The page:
CORRER MUSEUM, History Of Venice

Audio File length: 2.56
Author: STEFANO ZUFFI E DAVIDE TORTORELLA
English / USA Language: English / USA

 

And here we are on the first floor of the Correr Museum. Are you ready to go on a walk through time, browsing the memories of the ancient Republic of St. Mark? Along a very rich path full of objects and works of art, you can relive the emotional history of the Republic of Venice, its symbols, its social and political life, its main characters, the trade, the ships, and everything that made it the Queen of the Mediterranean for a millennium.

By now you've surely become familiar with the winged Lion, which is the symbol of Saint Mark, protector of the city and the State of Venice. The lion holds an open book under his paw with the inscription "Pax tibi Marce, Evangelista meus", which means, "Peace to you Mark, my evangelist".

I recommend attentively visiting the halls dedicated to the figure of the doge, which was the highest political authority of the time and represented the state. In addition to paintings, tapestries, and artwork that remind you of the rites the doge took part in, you can also admire his fabulous clothing, including the "camauro", which was a strange, horn-shaped headgear. The doge was elected after a combination of drawings and voting with a black and white urn and a shaker cup that you can see here. Starting with all the members of the High Council (about 2,000 people), there was a final selection by 41 voters. However, the doge wasn't an absolute dictator with full powers: there were two different magistratures created specifically to watch over his work.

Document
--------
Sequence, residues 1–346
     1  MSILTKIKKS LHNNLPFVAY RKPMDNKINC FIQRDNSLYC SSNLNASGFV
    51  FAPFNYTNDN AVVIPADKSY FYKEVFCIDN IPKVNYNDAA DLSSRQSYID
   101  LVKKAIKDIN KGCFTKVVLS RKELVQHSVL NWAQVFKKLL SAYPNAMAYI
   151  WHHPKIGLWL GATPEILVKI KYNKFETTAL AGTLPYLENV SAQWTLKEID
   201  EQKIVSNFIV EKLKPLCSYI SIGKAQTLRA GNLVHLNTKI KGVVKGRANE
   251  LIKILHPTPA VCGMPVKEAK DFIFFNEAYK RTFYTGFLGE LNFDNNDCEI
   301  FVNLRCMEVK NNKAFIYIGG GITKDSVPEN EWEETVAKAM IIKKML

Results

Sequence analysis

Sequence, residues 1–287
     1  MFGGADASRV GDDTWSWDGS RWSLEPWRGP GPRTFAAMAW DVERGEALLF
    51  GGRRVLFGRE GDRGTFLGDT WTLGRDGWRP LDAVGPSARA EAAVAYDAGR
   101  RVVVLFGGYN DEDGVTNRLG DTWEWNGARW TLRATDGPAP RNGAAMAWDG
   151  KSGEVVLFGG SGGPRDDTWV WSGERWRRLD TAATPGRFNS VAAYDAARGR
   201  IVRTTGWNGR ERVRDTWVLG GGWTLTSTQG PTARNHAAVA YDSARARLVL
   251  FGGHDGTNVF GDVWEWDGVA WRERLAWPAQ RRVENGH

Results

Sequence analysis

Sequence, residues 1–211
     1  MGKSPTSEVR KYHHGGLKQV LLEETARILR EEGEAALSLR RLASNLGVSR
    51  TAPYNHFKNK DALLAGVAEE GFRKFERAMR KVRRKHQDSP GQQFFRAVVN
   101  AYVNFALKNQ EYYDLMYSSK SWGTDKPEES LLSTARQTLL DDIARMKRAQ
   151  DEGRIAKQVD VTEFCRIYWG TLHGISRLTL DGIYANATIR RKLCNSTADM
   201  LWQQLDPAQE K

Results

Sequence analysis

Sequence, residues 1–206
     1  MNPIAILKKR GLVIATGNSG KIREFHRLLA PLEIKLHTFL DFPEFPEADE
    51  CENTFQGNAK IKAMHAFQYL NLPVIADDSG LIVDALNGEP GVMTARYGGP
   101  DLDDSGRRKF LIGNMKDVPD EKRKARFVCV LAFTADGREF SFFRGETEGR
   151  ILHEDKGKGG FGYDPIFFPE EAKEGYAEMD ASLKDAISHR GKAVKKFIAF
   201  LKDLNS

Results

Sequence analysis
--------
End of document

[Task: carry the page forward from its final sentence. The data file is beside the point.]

Now pause the audio and go to the hall dedicated to the Battle of Lepanto.

 

The Battle of Lepanto in 1571 was probably the most important naval battle ever fought in the Mediterranean. On one side a Christian fleet fought that had more than half of its formation consisting of Venetian ships, and on the other side were the Turks.

This room introduces you to the section of the museum dedicated to Venice's rule over the sea. You'll see portraits of famous admirals and discover the history of the Arsenal and the famous Venetian naval engineering. Its nautical production included transport vessels and warships, but also extraordinary gala boats, including the Bucintoro covered with carvings and gilding, and every year the doge would celebrate the symbolic "marriage" of Venice and the sea on-board, throwing a bridal ring out into the waves.

 

FUN FACT: even Elizabeth, the empress of Austria, perhaps better known as Sissi, lived in Correr Palace for a few months. A delightful apartment was prepared for her that you can still visit today.

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